One final tip: When you first start feeding hummingbirds, it’s best to keep them in a room without windows. That way, you won’t have to worry about attracting unwanted attention, and hummingbirds won’t be tempted to leave your yard.



Studying Hummingbird Migration Patterns

 In a few days, I will be flying to Miami for the annual meeting of the American Ornithologists’ Union. This year it is in Fort Lauderdale as opposed to Miami because Fort Lauderdale has a much more welcoming vibe than Miami does. The meeting takes place during the first week of December and this year I am very excited about one of the presentations I will be attending. It is titled “The Hummingbirds of Florida” and is based on my research with Dr. Robert Kattner at the University of Florida on how we can better understand the birds that visit our state. 


I have been studying hummingbirds since 2006 when I began working with Dr. Kattner. We began by doing field work on the nesting sites of Wilson's Phalaropes (Phalaenoptilus scudderi), which migrate all the way from Alaska to Florida each spring and fall. At that time, I was conducting research along the Gulf Coast of Florida while he conducted his study on the Atlantic coast. Our paths crossed again in 2010 when I moved to Gainesville, Fla., where I worked with him again. While working with him, we were able to compare the breeding and migration patterns of several species of phalaropes, including the most common phalarope found in Florida, the Wilson's Phalarope.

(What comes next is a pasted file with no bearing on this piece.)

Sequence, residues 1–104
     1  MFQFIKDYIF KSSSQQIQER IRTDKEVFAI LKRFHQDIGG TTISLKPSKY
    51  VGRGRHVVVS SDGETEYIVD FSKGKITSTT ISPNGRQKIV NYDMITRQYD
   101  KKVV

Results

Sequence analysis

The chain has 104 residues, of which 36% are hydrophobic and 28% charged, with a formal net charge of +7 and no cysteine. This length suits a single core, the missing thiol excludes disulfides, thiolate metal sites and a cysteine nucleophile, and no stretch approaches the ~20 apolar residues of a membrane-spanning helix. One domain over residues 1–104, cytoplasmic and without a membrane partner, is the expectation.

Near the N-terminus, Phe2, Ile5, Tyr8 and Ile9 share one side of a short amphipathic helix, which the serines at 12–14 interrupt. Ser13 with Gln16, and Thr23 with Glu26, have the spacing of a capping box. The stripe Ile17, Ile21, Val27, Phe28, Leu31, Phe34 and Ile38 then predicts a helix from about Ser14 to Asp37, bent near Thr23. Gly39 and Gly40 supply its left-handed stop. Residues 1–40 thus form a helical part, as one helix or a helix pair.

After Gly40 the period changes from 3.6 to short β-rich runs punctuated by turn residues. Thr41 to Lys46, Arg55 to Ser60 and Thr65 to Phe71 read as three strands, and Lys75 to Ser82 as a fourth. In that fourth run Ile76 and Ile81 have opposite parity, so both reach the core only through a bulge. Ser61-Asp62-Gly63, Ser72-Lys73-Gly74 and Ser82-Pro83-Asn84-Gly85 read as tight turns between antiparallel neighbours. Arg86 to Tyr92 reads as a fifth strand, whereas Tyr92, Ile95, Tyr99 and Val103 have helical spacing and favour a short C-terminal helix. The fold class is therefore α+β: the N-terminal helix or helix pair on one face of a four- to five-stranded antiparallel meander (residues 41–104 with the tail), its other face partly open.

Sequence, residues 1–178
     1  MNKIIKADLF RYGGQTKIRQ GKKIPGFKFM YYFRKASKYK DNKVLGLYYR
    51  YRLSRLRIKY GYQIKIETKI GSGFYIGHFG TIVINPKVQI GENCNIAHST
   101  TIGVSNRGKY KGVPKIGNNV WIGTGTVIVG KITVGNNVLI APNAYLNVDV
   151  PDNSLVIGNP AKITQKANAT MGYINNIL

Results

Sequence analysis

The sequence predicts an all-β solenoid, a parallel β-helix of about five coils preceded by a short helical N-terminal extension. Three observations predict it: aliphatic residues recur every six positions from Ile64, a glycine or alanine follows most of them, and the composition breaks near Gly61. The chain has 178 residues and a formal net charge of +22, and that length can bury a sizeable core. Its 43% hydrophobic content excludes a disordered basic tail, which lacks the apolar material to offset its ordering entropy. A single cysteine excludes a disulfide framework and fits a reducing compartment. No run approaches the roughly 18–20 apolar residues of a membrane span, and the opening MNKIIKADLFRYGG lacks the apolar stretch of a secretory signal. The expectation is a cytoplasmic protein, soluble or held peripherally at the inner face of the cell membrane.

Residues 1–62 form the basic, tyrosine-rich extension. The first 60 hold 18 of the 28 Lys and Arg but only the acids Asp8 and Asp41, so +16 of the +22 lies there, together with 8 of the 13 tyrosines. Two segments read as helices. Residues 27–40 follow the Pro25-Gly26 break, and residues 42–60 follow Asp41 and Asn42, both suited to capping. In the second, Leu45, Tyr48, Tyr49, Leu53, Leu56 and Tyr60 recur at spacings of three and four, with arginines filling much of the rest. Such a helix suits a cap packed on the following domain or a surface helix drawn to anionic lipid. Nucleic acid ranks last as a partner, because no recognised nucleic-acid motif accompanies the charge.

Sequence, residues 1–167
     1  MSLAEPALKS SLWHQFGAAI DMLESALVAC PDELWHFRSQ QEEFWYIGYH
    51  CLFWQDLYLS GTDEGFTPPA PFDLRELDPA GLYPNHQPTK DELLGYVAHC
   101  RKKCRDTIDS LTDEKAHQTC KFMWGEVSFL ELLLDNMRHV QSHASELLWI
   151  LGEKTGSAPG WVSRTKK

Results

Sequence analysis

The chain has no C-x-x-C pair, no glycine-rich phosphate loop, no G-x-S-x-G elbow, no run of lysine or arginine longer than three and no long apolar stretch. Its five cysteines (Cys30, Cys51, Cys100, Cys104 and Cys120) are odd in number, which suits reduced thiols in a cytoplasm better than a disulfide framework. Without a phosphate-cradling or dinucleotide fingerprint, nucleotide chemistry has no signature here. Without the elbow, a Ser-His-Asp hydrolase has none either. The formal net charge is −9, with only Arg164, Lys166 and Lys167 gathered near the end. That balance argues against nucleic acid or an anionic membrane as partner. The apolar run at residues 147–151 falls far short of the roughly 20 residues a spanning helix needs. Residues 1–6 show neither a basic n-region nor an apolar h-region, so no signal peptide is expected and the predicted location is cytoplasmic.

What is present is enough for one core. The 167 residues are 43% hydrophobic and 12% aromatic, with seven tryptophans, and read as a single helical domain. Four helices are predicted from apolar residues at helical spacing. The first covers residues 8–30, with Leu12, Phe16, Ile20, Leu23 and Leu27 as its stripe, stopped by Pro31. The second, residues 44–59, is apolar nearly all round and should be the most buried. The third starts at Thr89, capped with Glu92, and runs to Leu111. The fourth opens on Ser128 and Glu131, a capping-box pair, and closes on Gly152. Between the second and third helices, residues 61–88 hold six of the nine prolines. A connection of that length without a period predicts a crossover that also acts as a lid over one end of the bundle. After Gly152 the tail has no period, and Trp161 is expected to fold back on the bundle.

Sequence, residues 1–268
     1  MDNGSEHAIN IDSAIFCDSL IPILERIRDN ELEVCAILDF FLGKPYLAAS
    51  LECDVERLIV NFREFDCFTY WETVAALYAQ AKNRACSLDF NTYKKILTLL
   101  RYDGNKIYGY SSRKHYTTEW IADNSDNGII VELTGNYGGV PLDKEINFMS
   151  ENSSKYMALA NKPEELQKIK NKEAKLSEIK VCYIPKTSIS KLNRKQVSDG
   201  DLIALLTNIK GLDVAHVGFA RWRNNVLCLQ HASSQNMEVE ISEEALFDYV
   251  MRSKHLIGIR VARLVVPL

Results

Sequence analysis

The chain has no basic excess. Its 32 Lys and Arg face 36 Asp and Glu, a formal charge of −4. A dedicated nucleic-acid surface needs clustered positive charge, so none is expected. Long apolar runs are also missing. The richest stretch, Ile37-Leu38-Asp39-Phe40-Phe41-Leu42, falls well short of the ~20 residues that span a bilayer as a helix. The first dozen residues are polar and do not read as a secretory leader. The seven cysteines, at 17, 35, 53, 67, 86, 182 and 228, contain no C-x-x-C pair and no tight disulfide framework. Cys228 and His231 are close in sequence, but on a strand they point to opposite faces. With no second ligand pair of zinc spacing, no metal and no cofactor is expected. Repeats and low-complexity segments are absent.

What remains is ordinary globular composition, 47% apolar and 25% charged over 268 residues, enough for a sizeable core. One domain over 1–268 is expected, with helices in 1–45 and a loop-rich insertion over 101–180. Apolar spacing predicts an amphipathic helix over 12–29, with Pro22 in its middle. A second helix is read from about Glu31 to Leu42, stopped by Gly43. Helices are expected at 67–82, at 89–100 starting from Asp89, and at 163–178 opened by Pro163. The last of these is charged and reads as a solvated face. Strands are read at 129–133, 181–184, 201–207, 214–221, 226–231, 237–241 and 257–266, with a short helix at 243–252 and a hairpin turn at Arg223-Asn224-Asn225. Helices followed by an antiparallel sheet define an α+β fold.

At times, it seemed like we were always in the same location. One day we would be in the Everglades National Park; the next day, we would be near Lake Okeechobee or somewhere else along the coast line. In the beginning, we just did some basic observations of these birds. But then we realized that there is so much more information we could collect if we had some way to record the data automatically. That led us to the development of a program called HumBot that collects data using an automated camera trap. 

>> Hummingbird Migration Map & Patterns

We are still developing new ideas but right now, our focus is on getting these cameras out into the wild and seeing what kinds of wildlife they capture. We have put them up at both nesting and wintering areas. As you might imagine, we have captured a variety of photos, many of which include migrating birds. So far, I have seen some warblers, tanagers, vireos, orioles, flycatchers, red-tailed hawks, bald eagles, owls, and even a great horned owl. 

We also discovered that the program works best when the camera captures images every minute or two. Otherwise, the battery dies way too quickly. When we set up the camera, we calibrate it to take pictures at a rate of three per second. If we don't do this, the battery life is extremely short.